25 May 2013

W1FB Direct Conversion Receiver experiments 1

As a part of my project to build a field radio NVIS system, the scope of which I have described in previous blogs, I have now built a first version of the W1FB Direct Conversion Receiver. This venerable design is fully described in W1FB's QRP Design Notebook so I won't repeat it here. I built my version using Ugly style construction and specifically Manhattan style. This being a pleasure and possible with only a hacksaw to cut the PCB and a pair of side cutters to cut out the 'islands'. See a pic below.

My challenge was that I did not have the same components for the Colpitts/Clapp design Oscillator. So I set about seeing what I could do with the components on hand. Certainly I did not have a T-50-6 material toroid. I used a T-50-2 instead. This core is not designed for temperature stability use but I had no choice. The trimmers I have are also probably not suitable and are SMD type trimmers. In addition the capacitors are all ClassII X7RO types. Oh well I will learn something for sure.

The calculations I did are as per the included paper below. I found a calculator online that helped greatly and eased the tedious maths a bit. I also measured the actual inductor and capacitor values using my L/C bridge. Once I had the oscillator built I then used my MFJ259 to verify that indeed the circuit was resonating in the 40meter band. My half turn trimmer covered from 6.6MHz to 7.2Mhz. This was going to be a challenge to tune!

I started by building the LM386 based audio amp. Verified that it was working by simply touching the input with my finger and hearing hum in the earphones. I then added the Audio preamp and conducted the same test. I certainly could hear added gain and louder hum in the earphones. The components were all as per W1FB's design except the speaker coupling capacitor which is a 100uF unit. I supposed that the low frequency response is less as a result of this.

I also have not yet built the audio filter, figuring that the mission was to just get a platform design working.

My design has a smaller inductor of 1.38uH and is inherently less stable.

When I first turned on the rig I heard nothing. I could peak the noise on the tuned circuit so I figured that it was working. I then connected my 2meter J pole to the input and could hear a few very low level signals. I then transferred to the freezing patio outside where my 40m efhw is located. Man was it cold and now 2am in the morning. But I had to see if I could hear anything.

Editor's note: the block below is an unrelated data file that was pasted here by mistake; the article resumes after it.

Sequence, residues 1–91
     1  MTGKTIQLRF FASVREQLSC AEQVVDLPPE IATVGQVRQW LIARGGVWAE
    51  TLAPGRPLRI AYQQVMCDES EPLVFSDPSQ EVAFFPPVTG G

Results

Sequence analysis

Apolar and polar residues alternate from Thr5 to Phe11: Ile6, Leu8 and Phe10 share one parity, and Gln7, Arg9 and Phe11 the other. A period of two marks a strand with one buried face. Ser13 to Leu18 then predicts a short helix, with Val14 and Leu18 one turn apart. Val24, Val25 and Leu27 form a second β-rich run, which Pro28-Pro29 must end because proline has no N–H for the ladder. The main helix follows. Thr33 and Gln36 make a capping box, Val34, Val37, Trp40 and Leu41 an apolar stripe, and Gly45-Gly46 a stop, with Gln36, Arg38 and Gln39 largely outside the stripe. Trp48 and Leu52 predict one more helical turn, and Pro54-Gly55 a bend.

I connected my efhw and put in the earplugs. On turning on the rig I was greeted with a very loud blast of sound! I could not believe it! On turning the volume down to a minimum and tuning the oscillator with a tuning stick I was able to copy loud CW and SSB signals coming in from Europe and the US. Excellent! Over the next few days I tested the rig at all times of the day. During the mornings there is loud local broadcast interference. During the afternoons the rig works fine except that the bandwidth is very wide (not surprisingly). The dynamic range of the NE602 seems very good. Tuned to the CW section of the band I can hear local SSB up frequency. So there is plenty of room for improvement. Adding and audio filter will greatly improve daytime operation. I am less sure about how to cure the BCI however without adding excessive filtering on the front-end. Microphonics seem under control and also there is no hum. all good. There are 4 areas for improvement in the following order of priority.

  1. Improve the VFO. First arrange the capacitors to allow narrow band coverage with the trimmer. This is going to be tough since only a few picofarads are needed to tune the 40Khz CW band. Second I can do some things to the physical construction to improve stability. Mainly securing the inductor and windings better. Having said this I am very happy with the short stability as is. Once the rig is tuned on frequency there is no drift discernable during the period of  a typical QSO.
  2. Improve the selectivity by adding an active audio filter. This filter should be optimized for CW reception and should eliminate the higher band ssb interference from loud local stations.
  3. Improve the front-end selectivity by perhaps adding a double tuned front-end parallel circuit. This should help eliminate the SWL broadcast interference when the band goes long in the evening.
  4. Put in a BCI filter and shield the receiver to eliminate the very strong BCI that swamps the radio in the mornings. 
W1FB DC Receiver
ZS6RSH version 5/24/2013

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